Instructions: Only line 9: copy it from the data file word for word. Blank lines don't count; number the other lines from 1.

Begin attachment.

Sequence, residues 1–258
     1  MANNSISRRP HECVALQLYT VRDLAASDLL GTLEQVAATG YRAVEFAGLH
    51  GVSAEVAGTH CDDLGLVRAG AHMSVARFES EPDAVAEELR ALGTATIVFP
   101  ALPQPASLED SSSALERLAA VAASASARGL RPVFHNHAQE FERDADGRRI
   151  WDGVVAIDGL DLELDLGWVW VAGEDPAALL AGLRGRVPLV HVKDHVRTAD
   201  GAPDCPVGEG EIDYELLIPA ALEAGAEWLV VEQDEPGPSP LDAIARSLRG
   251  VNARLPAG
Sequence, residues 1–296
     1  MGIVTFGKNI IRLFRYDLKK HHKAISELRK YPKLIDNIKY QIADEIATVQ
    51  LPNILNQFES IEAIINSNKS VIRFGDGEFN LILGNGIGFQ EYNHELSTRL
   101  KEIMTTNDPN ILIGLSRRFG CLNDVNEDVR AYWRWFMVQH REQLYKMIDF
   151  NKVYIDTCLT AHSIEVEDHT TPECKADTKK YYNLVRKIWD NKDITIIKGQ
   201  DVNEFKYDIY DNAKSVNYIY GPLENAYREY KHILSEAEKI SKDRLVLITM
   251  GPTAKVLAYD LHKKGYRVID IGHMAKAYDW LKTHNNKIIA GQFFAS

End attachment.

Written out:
     1  MGIVTFGKNI IRLFRYDLKK HHKAISELRK YPKLIDNIKY QIADEIATVQ